“I shall have balanced the budget by collecting the right revenues and spending on the right things,” Arroyo also said.
Bayan noted, however, that the full-year budget deficit in 2009 reached P298.5 billion, an all-time high in absolute terms. From 2001 to 2009, the average national budget deficit was pegged at P148.37 billion while the average deficit as a percentage of the GDP was 2.93 percent, both historic highs. “Far from collecting the right revenues, the Arroyo administration milked the people dry through onerous taxes such as the 12-percent value-added tax (VAT), including on items as basic as oil, power, water, food, and medicine among others,” Reyes said.
“Meanwhile, big companies including transnational corporations (TNCs) were spared from paying taxes through liberalization,” Reyes added. “Total collections from tariffs on imported goods and services under Arroyo accounted for only about 2.8 percent of total revenues and GDP, compared to around 4.5 percent for most of the 1990s. Mrs. Arroyo was the biggest spender on debt servicing but had the lowest spending for social services among all Philippine presidents. Every year since 2001, the amount of debt servicing has been equivalent to 42.7 percent of annual government expenditures and 67.4 percent of annual revenues. Meanwhile, combined government spending for education, social security, health, land distribution, and housing did not even account for half of what the Arroyo administration was spending for interest and principal payments on foreign debt, not to mention spending for the armed forces and the police.”
Electricity and water for all
“Power and water will be regularly provided to all barangays,” Arroyo said. “Kuryente at tubig para sa lahat ng barangay.”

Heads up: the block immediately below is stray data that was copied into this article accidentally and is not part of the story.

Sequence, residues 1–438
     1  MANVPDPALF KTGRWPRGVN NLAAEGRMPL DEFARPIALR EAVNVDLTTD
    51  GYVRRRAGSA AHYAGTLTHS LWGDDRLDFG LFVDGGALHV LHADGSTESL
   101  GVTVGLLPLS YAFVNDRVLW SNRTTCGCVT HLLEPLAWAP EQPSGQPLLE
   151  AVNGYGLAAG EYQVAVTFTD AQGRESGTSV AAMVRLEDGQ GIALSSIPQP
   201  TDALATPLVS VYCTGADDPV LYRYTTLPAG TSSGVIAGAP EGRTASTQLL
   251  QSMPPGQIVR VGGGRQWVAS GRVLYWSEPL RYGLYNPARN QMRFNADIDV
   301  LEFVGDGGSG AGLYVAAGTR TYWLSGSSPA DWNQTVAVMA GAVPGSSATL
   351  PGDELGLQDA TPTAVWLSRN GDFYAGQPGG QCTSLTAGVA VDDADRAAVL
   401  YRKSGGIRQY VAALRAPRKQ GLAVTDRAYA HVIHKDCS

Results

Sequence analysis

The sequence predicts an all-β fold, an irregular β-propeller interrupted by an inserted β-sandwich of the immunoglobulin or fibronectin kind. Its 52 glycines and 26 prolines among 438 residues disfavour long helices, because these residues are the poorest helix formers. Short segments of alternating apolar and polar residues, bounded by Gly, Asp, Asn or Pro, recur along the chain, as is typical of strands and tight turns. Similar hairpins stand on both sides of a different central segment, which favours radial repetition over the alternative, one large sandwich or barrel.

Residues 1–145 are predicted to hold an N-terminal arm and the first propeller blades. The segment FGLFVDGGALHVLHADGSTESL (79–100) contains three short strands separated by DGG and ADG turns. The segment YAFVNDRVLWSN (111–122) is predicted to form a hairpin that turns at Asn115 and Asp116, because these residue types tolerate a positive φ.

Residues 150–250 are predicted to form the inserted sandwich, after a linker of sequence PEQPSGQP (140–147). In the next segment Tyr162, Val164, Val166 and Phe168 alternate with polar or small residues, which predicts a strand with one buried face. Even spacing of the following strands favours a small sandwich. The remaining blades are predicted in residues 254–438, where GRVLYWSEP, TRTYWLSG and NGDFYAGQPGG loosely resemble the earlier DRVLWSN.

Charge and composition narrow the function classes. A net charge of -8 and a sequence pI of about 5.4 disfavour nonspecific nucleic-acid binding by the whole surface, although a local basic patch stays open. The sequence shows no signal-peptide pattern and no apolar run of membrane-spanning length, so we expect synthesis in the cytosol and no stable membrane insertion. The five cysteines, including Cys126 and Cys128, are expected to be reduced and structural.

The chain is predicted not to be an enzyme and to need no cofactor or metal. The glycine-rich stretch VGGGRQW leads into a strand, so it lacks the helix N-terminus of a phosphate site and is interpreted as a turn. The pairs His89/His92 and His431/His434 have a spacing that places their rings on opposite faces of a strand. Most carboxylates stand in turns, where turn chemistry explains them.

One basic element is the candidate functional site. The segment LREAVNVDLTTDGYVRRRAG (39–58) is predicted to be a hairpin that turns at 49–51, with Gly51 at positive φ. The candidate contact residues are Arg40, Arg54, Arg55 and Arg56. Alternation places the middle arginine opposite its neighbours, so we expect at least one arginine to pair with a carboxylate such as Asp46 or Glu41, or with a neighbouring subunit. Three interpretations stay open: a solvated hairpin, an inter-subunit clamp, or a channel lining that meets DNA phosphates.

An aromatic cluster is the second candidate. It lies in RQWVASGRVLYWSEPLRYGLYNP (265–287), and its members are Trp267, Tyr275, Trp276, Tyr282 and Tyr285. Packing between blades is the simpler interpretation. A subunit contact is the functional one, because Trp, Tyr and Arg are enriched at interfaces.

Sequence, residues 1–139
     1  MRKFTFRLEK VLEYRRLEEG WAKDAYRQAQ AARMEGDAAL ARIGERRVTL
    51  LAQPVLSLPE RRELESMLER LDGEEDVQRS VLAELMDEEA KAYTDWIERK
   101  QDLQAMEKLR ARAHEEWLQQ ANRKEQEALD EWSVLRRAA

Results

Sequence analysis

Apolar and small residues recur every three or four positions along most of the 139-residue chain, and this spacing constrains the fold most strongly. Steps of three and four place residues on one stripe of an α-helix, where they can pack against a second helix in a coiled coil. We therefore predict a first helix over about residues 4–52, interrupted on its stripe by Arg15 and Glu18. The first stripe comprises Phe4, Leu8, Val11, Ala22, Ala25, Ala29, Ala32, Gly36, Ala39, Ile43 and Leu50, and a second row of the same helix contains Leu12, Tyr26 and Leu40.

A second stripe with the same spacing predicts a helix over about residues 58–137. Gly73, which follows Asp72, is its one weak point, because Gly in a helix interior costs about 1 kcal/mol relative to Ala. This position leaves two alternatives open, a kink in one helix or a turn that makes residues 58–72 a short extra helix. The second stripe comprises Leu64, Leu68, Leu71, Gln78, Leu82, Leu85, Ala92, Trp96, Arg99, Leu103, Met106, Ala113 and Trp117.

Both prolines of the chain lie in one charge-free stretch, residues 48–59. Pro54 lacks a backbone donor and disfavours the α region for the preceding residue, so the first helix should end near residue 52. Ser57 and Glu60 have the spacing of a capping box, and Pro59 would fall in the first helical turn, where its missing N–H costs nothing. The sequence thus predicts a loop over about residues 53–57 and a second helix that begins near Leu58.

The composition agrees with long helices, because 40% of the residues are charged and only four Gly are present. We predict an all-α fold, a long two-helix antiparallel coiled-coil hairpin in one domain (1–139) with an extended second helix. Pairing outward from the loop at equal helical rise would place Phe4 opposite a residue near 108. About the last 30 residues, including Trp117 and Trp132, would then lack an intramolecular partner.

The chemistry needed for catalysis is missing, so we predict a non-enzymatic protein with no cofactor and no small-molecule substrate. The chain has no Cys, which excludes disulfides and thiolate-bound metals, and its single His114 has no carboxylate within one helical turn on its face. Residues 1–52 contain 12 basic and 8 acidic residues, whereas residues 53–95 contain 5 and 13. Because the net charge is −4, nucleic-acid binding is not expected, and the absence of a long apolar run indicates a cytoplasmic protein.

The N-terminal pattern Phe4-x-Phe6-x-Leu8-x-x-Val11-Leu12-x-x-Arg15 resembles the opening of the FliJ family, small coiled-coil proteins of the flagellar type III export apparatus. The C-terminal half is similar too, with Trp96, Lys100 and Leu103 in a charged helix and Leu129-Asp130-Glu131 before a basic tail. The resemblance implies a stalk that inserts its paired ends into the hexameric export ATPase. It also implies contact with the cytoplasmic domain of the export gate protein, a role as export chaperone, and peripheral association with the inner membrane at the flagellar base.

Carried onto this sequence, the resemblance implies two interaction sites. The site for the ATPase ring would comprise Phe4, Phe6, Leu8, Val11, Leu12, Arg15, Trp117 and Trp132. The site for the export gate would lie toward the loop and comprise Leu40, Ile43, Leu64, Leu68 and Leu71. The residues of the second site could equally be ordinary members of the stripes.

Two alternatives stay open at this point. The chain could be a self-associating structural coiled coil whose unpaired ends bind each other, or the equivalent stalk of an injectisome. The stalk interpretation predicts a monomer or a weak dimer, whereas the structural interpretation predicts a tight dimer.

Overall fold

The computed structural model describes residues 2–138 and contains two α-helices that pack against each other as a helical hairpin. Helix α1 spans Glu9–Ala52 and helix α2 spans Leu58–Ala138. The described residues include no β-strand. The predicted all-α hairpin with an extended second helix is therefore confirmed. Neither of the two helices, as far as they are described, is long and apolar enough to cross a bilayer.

Citing the 2007 Annual Poverty Indicator Survey (APIS) of the National Statistics Office (NSO), Bayan noted that 17.1 percent of all families in the country do not have access to safe drinking water and are forced to get water from unsafe sources such as unprotected wells (5.7 percent); developed springs (4.8 percent); undeveloped springs (1.9 percent); rivers, streams, ponds, lakes or dams (1.1 percent); rainwater (0.4 percent); tanker trucks or peddlers (2.3 percent); and other sources (0.8 percent). Access to water is expectedly lower for poor families as the same NSO survey show that 30 percent of the poorest 30 percent of Filipino families do not have access to safe water supply, Bayan further noted. The group also pointed out that continued implementation of privatization has further made access to water a privilege for the affluent – water rates in Metro Manila, for instance, increased by 314 to 643 percent between 2001 and 2009.
Meanwhile, Bayan also noted, the government claims that it has already energized 100 percent of all municipalities/cities and 99 percent of all barangays, yet there are still 30,181 sitios or around 30 percent of the total that do not have electricity. Overall, 27 percent of the country’s potential connections remain unconnected. In the Autonomous Region of Muslim Mindanao (ARMM), the country’s poorest region, a huge 62 percent of the total sitios are not energized while 74 percent are unconnected. “Power rates increased astronomically due to privatization and deregulation of the power sector under Arroyo’s pet program, the Electric Power Industry Reform Act, or EPIRA, of 2001,” Reyes said.
June 12 protest
On June 12, Bayan will be leading a multi-sectoral protest to dispute the so-called achievements and legacy of the Arroyo government. It will parade makeshift “floats” depicting the many problems that the Arroyo government will leave behind and that the incoming Aquino administration will have to face. (Bulatlat.com)